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Monday, July 31, 2006

Roundtable Talks Stall on Rough Edges and Soft Utopianism

In a series of powwows continuing well into night, President Yushchenko and parliamentary leaders are toiling to put a handle on a Pandora’s Box of disputes arising from the newly-emerged “anticrisis” coalition.

A cadre of guest speakers attended the opening session, including the founding fathers of Ukrainian democracy such as Leonid Kravchuk, Ukraine’s first President (1991-94), and Ivan Plyushch, Speaker of the VR (1991-94). Also present were renowned poets and academics.

Former President Kuchma was conspicuous by his absence. Kuchma fans watching the live broadcast surely missed out on all the fun he would bring to it. After being a decade of being a captive audience to the genius of Kuchma’s eloquence and insightfulness, the loss they’ve felt is irreparable. Sad enough, except for occasional sightings, the retired pastor seems to shun his quondam parish.

The “salt of the earth” took turns in speaking their minds and troubleshooting hot issues. Each belted a song of his own, replete with barbs and rambling lectures.
Naturally, opinions ranged between two poles. Whether he likes it or not, the President should take the “anticrisis” coalition as a given argued the pro-acceptance school of thought. In contrast, the pro-abstinence school of thought suggested that the President disband Parliament. As expected, prospective membership in NATO and the status of the Russian language became instant sticking points.

Yushchenko stood his ground on these key issues, projecting an image of a tough negotiator. Tymo cruised around in a combative mood, while Yanuke, navigated the conciliatory harbor. Later, his fellow Regs bewailed Yushchenko’s “bait-and-switch” tactics. They expressed disappointment over the President’s demands, which they consider grossly out of proportion with NSNU’s election score. Also, the pointed out that the resolution being drafted, known as the Universal of National Unity, makes no mention of Yanukovych’s Premiership. The Universal owes its name to a series of four declarations (Universals) issued by the government of the UNR, the short-lived independent Ukrainian state squashed by Lenin.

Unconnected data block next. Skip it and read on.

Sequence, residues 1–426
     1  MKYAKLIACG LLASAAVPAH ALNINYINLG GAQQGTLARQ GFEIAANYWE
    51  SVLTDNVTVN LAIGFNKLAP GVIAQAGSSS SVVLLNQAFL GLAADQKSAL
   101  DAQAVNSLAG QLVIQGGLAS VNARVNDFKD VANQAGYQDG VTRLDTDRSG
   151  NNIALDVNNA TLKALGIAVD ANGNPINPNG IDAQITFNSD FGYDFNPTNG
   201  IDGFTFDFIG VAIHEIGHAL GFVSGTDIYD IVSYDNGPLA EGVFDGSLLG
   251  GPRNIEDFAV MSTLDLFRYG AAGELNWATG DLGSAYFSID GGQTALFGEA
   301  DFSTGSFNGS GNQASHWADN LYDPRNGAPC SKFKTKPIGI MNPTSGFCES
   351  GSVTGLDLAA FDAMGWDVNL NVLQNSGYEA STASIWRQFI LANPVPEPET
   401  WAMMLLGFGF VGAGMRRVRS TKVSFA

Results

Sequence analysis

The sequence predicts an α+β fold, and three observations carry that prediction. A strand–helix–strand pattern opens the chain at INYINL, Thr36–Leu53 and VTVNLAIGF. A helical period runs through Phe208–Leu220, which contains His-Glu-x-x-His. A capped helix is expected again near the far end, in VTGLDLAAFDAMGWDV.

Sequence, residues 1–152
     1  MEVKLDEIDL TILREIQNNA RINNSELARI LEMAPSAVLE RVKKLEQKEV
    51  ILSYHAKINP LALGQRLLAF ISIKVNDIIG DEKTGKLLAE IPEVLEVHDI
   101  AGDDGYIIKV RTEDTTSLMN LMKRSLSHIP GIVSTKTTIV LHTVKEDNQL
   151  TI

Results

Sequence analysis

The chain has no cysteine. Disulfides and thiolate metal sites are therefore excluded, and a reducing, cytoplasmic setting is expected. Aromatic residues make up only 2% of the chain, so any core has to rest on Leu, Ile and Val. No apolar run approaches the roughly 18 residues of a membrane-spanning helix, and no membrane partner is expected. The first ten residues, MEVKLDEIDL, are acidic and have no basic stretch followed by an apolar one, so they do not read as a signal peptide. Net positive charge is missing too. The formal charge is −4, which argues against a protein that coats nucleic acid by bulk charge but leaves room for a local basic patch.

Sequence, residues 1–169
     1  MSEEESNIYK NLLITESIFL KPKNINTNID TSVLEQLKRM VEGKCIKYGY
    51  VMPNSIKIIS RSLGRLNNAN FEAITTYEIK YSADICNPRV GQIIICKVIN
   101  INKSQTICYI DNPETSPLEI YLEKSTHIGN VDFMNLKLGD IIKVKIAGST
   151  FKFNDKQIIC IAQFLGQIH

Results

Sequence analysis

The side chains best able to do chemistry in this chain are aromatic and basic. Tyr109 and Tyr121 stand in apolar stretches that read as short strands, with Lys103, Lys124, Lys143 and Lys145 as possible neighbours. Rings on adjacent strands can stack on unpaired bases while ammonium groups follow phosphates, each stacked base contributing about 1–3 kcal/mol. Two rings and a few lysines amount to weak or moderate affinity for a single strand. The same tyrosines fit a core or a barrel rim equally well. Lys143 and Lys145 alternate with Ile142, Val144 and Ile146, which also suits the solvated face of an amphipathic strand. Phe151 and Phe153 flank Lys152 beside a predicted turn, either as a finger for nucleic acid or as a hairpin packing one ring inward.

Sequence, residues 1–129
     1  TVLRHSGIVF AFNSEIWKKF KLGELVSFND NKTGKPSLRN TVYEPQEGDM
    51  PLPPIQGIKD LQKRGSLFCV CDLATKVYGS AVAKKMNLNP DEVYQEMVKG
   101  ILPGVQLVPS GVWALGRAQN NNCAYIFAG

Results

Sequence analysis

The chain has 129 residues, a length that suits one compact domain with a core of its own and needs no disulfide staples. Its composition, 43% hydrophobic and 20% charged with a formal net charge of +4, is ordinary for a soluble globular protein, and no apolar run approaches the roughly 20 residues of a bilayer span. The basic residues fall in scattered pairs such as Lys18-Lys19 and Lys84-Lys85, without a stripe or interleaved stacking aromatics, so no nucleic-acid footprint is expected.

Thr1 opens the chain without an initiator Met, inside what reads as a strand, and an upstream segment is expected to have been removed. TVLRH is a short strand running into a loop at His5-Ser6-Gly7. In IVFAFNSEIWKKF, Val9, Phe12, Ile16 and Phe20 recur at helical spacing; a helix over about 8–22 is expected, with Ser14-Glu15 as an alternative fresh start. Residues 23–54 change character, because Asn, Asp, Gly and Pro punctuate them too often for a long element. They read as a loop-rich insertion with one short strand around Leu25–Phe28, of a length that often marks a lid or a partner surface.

Needless to say, the show sent Maidaners wondering what this was all about. A desensitization infomercial from Yushchenko’s PR shamans? A preamble to the NSNU-PRU prenup agreement, under the guise of piecing together the East and the West? Now that Washington’s eyes are glued to the war between Israel and Lebanon, could it be just an eyewash meant to sweet-talk the Orange audience into believing that this is how things should be?

Where does the government-opposition fault line lie? Is it in terms of issues, in terms of the election results, or in terms of fear of losing power? If NSNU’s joining the “anticrisis” coalition is about national unity, then why does it split the Orange Revolution — the very engine that brought NSNU to power? Two steps forward, three steps back. Welcome to the schizophrenic world of the Orange Counter-Revolution.

Anyway, the talks will resume Tuesday, August 1. This day will mark the 15th anniversary of the notorious “Chicken Kiev” address Bush Sr. delivered during his visit to the capital of then Soviet Ukraine. For those who vaguely remember it, listen to this: “Freedom is not the same as independence; Americans will not support those who seek independence in order to replace a far-off tyranny with a local despotism." Can anybody imagine that this piece Moscow-centric garbage that flies in the face of Wilsonianism actually came from the pen of Condi Rice?

Karmically speaking, the Universal exemplifies the worst of branding choices, considering how the UNR had fared. Why not call it the Universal of National Utopia? The UNR government, run by Socialists, had naively relied on the assumption that the dictatorship of the proletariat would not attack a socialist democracy.

Ukraine remains one of the few nations in the democratic universe where the opposition and the government can’t settle their identities. The Snoozes (NSNU) seem to be lost in the Peter Pan-like fantasy of squaring the circle, keeping the West while shacking up with the PRU. It’s this misguided dreaming, not the Regs’ (Regionalists) dominance itself, that makes this country vulnerable to outside influence.

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